Oneida Nation injunction against foreclosure upheld by court of appeals

VERONA, N.Y. (AP/WKTV) - A federal appeals court has upheld lower court rulings that two New York counties can't foreclose on land
owned by the Oneida Indian Nation to settle a property tax dispute.

The 2nd Circuit Court of Appeals says U.S. District Judge David Hurd was right when he decided in 2005 that Madison and Oneida counties could impose taxes on tribal land, but they couldn't seize it for nonpayment.

The ruling released Tuesday reaffirms that federal law forbids lawsuits against a tribe unless authorized by Congress or the tribe waives immunity.

"The Oneida Nation is pleased with the Court's decision," said Mark Emery, director of media relations for the Oneida Indian Nation. "We regret though that it took litigation to resolve it when the preferred path is negotiation. Now that the Court has resolved the issue once and for all , it is time to move forward and put the disputes behind us."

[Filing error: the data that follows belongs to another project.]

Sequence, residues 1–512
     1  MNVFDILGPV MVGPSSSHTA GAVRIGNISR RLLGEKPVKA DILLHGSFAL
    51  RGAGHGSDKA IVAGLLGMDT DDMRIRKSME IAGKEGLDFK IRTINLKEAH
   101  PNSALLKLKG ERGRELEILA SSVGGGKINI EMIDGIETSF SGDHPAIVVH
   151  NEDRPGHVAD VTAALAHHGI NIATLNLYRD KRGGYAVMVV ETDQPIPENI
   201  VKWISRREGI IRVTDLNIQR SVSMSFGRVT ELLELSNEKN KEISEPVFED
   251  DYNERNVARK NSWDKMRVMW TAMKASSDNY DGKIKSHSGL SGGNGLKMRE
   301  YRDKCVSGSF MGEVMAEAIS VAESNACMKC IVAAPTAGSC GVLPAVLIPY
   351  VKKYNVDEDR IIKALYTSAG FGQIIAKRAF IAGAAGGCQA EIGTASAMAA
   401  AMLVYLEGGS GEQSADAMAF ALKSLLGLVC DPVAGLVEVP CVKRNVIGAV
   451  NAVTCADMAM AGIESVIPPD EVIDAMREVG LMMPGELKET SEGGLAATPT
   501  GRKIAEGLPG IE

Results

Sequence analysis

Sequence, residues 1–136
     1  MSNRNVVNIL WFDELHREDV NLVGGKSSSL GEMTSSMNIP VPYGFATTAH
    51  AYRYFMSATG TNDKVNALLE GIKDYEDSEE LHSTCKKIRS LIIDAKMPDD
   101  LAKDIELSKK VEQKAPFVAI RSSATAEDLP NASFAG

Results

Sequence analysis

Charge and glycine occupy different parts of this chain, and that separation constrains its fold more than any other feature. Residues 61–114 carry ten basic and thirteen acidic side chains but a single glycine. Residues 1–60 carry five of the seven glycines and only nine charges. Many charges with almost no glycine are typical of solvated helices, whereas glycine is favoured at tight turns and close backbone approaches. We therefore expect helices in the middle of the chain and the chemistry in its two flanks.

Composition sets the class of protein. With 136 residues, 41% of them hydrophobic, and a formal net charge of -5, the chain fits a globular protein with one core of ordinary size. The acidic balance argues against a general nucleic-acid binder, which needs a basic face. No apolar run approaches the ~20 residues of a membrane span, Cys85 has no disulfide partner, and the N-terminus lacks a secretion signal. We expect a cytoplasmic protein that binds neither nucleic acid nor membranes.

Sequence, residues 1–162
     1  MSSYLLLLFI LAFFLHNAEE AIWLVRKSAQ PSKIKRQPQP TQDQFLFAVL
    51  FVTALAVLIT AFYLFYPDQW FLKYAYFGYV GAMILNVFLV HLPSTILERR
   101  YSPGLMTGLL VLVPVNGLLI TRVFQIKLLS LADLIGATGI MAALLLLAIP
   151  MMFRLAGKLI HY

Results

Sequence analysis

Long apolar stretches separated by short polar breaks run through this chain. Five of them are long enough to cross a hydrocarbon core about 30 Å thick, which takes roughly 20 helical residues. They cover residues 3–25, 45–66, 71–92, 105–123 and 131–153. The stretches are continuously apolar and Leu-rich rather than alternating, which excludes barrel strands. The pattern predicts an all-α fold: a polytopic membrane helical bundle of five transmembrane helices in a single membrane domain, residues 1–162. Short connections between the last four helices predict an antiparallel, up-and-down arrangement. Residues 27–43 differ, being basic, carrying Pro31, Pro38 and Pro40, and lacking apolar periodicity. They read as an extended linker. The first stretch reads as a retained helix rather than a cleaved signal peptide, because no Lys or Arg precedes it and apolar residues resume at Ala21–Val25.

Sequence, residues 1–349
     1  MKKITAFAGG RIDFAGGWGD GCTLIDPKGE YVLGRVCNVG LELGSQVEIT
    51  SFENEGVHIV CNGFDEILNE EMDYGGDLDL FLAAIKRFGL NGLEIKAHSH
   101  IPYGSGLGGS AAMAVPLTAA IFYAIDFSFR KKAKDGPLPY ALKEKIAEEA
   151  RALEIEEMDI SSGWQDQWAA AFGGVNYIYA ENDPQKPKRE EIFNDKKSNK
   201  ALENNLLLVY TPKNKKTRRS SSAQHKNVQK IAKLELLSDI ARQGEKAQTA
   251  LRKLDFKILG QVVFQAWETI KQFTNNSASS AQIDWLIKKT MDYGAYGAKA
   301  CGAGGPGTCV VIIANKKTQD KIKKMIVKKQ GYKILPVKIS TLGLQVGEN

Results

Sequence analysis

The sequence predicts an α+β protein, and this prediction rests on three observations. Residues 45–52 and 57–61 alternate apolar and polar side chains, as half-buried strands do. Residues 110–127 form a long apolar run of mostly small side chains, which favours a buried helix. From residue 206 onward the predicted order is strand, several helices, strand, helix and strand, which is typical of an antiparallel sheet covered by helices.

The dispute involves about 17,000 acres, including 13,000 the federal government has agreed to put into trust. That would exempt most of the land from taxation, but the state, counties and local citizen groups have sued to block the 2008 trust agreement.

"As the court properly stated, this is but the latest chapter in a lengthy dispute over the payment of state and local taxes," said Oneida County Executive Anthony Picente. "I continue to maintain that the best solution is a negotiated settlement. I fear that we are coming closer to an ultimate decision that in the end will yield us nothing. A compromise is needed to move this county forward and avoid more costly litigation."

For the full-length court of appeals decision, click here.

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